All Medical Careers
Why choose a medical career?
We can help you make the right career decision if you are considering joining the health care industry. The medical field offers meaningful career opportunities for people at all educational levels even as the US health care system seems to be on the brink of unprecedented change due to health care reform, economic uncertainty, consumer activism and public scrutiny. Our web site was created to help you explore your options by answering some of the important questions that apply to each career path in this volatile and uncertain environment for all health care providers:
- What are my career options and how much will I earn?
- Which degree should I pursue?
- Will I need to be certified, licensed or registered?
- What schools do offer training programs for my career choice?
- What are my job prospects after I graduate?
You can start working in your new profession with as little as a diploma, or a certificate. There are many employment opportunities offering good wages to certified professionals without the hassle of wasting weeks or months searching for a job or having to relocate. Over time you may take advantage of various educational opportunities and earn your associate or bachelor’s degree. Many employers offer tuition reimbursement, flexible schedules and part-time job opportunities to health care workers looking to further their education. The health care industry is the right environment for those looking to be part of a professional team using the latest technology as well as those with a strong desire to help others.
Those employed in the health care sector may or may not provide clinical services, depending on which career path they choose to follow. Some health care workers do provide clinical services such as nurses, dentists, and physical therapists, while others are employed in training and administrative occupations. If you are seeking a professional occupation, such as physician, social worker, or physical therapist, be prepared to devote at least four years to specialized education in order to achieve your career dreams.
Other fast-growing occupations require less education and training. These include medical records and health information technicians as well as dental hygienists. If you are considering one of these careers, then you need to enroll and graduate from a specialized training program lasting from one to two years. For some individuals a two-year formal education program is not an option, but there are still plenty of health care occupations for those with minimal education and training. A few examples to consider are careers such as nurse aide, home health aide, dental assistant, medical assistant, and personal care aide. You may choose to start working in the medical field as a nurse aide and later, with additional training and education, become a nurse or a different health care provider.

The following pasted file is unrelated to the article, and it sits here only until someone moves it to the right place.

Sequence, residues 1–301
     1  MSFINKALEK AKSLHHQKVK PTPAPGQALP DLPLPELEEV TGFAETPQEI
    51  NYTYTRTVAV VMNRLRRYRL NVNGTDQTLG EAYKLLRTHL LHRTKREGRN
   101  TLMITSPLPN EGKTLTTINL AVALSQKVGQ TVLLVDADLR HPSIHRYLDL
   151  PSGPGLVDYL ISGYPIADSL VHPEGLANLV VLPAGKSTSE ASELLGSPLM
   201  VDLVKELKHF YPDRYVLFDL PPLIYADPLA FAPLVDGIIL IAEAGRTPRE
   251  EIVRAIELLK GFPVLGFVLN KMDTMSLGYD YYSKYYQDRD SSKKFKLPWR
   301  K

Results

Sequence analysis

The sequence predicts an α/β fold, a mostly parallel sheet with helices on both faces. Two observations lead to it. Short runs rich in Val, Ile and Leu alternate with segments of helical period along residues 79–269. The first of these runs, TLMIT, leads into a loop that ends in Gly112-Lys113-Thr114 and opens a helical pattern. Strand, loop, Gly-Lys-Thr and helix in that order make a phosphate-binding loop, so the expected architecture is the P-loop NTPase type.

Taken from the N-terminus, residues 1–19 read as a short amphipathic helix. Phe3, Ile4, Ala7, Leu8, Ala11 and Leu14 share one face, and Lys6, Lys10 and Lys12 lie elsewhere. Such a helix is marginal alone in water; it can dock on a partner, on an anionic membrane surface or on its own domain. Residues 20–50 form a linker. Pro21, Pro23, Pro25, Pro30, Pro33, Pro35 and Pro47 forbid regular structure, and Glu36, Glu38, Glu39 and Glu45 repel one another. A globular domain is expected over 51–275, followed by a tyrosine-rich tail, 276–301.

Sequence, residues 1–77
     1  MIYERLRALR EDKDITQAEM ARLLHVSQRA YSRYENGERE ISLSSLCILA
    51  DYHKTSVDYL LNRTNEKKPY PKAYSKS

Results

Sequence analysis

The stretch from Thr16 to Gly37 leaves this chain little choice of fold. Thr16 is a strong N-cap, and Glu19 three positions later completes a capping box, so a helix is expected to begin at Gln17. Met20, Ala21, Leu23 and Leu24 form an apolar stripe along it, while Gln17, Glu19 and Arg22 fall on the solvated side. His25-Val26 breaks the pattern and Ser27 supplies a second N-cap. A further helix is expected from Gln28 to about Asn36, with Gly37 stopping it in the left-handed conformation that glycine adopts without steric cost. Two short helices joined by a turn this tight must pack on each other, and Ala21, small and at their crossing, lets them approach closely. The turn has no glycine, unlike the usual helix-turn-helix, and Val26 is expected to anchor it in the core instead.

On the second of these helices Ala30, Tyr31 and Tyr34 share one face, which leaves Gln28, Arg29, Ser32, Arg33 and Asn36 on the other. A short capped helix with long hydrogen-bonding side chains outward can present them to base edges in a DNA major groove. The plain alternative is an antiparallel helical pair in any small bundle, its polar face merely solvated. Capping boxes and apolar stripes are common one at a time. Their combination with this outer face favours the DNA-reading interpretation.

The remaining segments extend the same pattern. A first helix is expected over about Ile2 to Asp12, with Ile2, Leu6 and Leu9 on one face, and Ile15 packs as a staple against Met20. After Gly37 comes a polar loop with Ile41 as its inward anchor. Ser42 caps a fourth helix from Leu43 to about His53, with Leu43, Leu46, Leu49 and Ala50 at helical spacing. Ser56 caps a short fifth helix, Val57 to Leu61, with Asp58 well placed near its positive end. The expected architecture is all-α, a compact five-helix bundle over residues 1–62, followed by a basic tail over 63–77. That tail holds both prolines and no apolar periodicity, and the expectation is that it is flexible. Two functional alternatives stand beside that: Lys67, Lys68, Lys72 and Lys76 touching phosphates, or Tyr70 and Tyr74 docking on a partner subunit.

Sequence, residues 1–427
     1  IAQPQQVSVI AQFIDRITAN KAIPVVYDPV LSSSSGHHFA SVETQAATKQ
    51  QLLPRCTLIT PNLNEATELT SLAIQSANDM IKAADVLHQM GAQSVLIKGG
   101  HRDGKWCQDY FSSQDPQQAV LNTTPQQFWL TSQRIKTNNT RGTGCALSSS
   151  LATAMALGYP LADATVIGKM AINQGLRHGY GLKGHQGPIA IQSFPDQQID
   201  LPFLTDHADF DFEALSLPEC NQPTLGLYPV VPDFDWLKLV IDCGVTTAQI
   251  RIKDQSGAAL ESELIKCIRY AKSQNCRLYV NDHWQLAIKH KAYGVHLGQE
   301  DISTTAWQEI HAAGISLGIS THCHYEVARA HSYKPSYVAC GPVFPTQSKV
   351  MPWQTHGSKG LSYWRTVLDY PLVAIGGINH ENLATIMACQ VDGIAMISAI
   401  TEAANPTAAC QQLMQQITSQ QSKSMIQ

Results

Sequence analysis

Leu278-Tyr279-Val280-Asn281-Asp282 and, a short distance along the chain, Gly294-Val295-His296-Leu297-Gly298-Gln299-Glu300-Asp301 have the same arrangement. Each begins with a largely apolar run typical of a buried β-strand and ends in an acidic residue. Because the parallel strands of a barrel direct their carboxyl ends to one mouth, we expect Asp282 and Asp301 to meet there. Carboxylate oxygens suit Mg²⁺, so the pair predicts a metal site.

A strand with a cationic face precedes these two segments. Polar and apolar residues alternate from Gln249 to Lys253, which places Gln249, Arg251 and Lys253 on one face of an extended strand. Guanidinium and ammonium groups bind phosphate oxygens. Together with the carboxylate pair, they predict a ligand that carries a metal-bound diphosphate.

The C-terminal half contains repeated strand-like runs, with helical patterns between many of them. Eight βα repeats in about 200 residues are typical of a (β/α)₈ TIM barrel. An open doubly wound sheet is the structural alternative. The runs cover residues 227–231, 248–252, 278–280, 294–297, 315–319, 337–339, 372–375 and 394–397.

Regardless of which career path you choose, your job will yield a large number of benefits. Some of the most most common and valued benefits offered to health care workers are the following:
- having a flexible schedule and being able to choose full-time or part-time employment
- being able to work only three days a week
- job security and numerous employment opportunities
- great wages and benefits
- a challenging work environment
- numerous opportunities for career advancement
- respect and appreciation for helping people in need
- tuition reimbursement
- making a difference in people s lives
Health care workers are skilled at combining medical technology with the human touch to provide care while ensuring that the medical needs of their clients are addressed in a professional and efficient manner. As you explore the many different career options in the medical field, you should keep in mind the following important facts outlined by the Bureau of Labor and Statistics:
- the health care sector has been the largest industry since 2006, and accounts for over 14 million jobs in the United States
- seven of the twenty fastest growing occupations are related to the medical sector
- over three million new jobs will be created in the health care field between 2006 and 2016
- most health care positions require less than four years of college education
Some career categories in this field are:
- providing direct care for patients or clients in various settings
- research or laboratory work
- selling medical supplies
- manufacturing or designing medical equipment
- healthcare administration or other managerial roles
- teaching within health care fields, graduate or professional school
In terms of the working environment once you do become employed in the health care sector, options are numerous and regardless of what career path you choose you will have a variety of opportunities to find your niche. The industry includes a wide array of establishments ranging from small private practices to large inner-city hospitals. Following are some of the facilities which employ health care workers: physician offices, home health care providers, offices of dentists, outpatient care centers, medical and diagnostic laboratories, medical and surgical hospitals, psychiatric and substance abuse centers, nursing care facilities, community care facilities for senior citizens, long-term care settings and rehabilitation centers.